"The sun shines on the mountains; it shines on the valleys. That's how the klepht family of the Kolokotronis shines, who have the large amounts of silver, the silver swords. They don't deign to set foot on the ground. They go to church on horseback; they worship the icons on horseback; they take the sacred bread from the priest's hand on horseback."

[The Kolokotronei were so important that they didn't simply have riches; they had *THE* riches. The use of the definite article emphasizes their singular place in the folklore, as does their outrageous behavior in church, which among other things is impossible, since people worship the icons by bowing and kissing them; how could they do it while riding a horse?). Kolokotronis was an important family of klephts, several generations of them were famous, and the most famous was Theodore Kolokotronis who was the greatest hero of the War of Greek Independence in the 1820's, but they were not particularly rich. But there are many legends about the family. According to one of them, the name (which sounds as if it contains the words kolos (meaning ass) and kotroni (meaning stone) came from an incident when one of them was shot in the ass during a battle and since the spectacle was not exactly dignified he sat on a stone to hide his bloodied ass!).]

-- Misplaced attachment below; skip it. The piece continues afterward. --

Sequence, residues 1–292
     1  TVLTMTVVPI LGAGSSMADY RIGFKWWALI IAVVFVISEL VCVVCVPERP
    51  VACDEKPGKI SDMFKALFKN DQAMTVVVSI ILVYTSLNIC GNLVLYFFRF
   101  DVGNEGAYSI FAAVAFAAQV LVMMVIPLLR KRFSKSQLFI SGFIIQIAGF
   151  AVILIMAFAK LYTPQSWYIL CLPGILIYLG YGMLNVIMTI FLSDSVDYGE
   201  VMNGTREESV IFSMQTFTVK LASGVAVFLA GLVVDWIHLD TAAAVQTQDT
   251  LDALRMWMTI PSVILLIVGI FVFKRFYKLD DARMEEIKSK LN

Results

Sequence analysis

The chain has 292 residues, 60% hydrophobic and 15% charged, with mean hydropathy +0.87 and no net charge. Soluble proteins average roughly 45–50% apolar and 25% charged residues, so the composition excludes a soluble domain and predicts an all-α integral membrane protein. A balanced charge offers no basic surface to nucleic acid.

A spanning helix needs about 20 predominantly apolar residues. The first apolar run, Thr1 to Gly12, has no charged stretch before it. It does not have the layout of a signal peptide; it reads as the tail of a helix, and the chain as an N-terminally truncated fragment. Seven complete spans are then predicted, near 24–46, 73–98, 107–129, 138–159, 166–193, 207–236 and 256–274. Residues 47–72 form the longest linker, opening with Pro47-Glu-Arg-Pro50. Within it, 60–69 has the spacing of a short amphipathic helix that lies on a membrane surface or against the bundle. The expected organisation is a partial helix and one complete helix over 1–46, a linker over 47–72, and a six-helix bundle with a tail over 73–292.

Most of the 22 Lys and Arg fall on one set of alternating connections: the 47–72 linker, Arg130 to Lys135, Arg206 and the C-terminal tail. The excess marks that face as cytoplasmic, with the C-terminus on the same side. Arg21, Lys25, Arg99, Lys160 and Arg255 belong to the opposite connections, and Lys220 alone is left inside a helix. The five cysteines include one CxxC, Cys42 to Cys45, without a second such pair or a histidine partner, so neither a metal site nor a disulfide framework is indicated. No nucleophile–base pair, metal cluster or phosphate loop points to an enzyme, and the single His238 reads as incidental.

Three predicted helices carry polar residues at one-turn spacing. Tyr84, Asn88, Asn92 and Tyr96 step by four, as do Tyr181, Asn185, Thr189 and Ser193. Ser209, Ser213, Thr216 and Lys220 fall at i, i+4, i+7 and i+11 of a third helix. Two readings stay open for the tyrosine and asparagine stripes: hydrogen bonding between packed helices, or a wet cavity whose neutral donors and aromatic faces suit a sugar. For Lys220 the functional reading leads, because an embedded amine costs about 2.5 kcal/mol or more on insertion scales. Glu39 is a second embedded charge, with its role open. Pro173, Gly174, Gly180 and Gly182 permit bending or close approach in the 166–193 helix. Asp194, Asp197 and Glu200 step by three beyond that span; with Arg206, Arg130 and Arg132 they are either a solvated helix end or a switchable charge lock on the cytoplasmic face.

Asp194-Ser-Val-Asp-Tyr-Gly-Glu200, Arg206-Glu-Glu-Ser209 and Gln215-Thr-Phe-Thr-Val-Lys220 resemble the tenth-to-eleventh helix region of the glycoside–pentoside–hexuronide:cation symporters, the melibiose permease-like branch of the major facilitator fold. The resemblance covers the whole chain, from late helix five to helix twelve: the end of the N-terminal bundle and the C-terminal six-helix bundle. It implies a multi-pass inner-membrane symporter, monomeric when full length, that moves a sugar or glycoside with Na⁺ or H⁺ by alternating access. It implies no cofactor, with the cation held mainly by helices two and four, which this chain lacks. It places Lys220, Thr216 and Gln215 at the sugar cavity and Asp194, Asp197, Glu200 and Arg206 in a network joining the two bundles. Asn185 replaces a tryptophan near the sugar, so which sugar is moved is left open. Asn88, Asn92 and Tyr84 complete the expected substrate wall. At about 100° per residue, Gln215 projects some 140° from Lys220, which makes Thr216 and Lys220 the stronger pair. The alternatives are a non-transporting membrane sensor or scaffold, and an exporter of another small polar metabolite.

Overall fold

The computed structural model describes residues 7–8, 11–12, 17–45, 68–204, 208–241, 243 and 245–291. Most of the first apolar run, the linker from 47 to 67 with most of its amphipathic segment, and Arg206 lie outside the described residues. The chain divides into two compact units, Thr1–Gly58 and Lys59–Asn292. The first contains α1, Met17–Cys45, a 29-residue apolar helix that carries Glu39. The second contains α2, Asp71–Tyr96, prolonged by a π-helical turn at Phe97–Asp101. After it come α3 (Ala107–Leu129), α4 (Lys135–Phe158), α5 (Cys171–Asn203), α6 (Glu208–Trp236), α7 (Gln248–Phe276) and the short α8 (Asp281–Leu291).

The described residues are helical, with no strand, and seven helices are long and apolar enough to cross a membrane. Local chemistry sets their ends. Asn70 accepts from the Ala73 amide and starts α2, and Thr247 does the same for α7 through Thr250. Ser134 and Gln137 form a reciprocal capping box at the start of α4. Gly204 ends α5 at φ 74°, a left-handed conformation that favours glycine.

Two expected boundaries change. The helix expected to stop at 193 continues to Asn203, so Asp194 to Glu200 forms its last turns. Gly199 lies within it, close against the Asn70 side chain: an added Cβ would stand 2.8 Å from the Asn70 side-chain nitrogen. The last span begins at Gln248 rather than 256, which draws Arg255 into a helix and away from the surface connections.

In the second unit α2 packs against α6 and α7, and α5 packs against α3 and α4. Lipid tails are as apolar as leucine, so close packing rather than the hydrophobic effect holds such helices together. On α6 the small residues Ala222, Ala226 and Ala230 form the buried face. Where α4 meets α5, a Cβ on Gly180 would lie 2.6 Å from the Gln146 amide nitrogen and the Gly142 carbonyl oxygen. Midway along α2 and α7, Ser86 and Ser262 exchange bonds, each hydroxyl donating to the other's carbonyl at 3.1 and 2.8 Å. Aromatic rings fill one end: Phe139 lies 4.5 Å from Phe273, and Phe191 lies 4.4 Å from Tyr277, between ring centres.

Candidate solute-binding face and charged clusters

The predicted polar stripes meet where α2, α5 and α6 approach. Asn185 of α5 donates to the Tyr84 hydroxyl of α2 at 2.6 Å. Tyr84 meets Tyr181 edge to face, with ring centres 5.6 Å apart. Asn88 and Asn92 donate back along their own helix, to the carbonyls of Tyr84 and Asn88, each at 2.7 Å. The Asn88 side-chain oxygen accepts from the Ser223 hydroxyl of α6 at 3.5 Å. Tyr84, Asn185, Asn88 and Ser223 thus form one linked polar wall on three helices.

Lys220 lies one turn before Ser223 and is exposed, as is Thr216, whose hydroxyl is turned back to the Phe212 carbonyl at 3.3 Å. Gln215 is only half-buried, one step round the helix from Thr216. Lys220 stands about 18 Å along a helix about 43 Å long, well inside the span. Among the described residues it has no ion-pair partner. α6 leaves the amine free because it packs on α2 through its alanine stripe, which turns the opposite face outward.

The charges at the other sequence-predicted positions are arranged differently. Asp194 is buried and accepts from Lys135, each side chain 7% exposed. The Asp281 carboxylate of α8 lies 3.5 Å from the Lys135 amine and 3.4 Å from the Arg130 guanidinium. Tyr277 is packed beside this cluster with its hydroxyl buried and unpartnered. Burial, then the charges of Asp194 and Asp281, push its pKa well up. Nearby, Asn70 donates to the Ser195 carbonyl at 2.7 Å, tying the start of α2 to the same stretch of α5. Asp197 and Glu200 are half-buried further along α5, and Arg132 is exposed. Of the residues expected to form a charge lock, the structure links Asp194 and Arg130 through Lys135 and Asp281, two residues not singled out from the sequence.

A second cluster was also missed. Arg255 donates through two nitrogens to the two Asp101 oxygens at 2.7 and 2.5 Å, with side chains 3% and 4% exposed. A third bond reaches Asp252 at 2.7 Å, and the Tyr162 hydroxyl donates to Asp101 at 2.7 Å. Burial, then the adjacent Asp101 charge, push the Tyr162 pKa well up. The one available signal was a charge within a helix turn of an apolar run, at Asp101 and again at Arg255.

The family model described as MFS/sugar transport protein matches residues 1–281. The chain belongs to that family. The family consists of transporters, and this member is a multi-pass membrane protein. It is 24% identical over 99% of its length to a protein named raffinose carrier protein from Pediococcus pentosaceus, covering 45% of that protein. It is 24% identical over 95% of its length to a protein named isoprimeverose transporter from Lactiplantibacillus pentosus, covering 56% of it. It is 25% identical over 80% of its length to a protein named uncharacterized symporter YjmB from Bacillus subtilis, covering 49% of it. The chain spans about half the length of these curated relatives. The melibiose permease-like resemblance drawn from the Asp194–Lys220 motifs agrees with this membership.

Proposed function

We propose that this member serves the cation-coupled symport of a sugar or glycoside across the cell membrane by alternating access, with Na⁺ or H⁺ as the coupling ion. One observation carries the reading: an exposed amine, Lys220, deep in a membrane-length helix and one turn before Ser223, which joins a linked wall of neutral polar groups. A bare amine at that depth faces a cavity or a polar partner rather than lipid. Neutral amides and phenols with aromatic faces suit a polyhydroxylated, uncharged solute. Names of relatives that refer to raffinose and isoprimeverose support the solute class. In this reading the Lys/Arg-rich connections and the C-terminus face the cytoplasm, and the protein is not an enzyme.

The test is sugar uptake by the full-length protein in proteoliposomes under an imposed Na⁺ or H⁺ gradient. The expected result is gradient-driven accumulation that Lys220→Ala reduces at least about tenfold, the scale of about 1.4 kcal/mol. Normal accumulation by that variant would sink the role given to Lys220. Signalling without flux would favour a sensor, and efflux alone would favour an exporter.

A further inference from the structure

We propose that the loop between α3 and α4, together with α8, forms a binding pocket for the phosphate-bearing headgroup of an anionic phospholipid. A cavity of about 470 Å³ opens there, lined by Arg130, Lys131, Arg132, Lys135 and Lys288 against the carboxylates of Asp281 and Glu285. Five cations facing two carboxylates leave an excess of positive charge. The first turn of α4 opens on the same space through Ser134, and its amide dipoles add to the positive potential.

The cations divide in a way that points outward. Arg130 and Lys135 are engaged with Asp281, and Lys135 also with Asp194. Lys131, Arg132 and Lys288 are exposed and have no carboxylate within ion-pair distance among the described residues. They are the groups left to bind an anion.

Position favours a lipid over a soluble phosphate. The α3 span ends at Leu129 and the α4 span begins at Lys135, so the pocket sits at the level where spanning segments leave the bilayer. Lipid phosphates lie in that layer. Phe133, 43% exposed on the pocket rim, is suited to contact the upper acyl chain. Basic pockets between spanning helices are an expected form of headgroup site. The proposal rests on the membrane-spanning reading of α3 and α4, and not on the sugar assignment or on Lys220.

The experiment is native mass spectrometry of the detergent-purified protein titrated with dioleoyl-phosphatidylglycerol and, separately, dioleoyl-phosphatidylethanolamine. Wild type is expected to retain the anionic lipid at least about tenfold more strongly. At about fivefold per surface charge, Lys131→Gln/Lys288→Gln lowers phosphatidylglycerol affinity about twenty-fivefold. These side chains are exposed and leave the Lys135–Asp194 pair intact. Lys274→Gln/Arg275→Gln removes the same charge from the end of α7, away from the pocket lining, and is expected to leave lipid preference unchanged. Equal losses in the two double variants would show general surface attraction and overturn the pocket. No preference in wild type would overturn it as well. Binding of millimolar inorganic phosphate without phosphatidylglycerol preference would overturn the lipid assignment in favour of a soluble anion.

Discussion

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Le fleuve lyrics (To potami) [the river]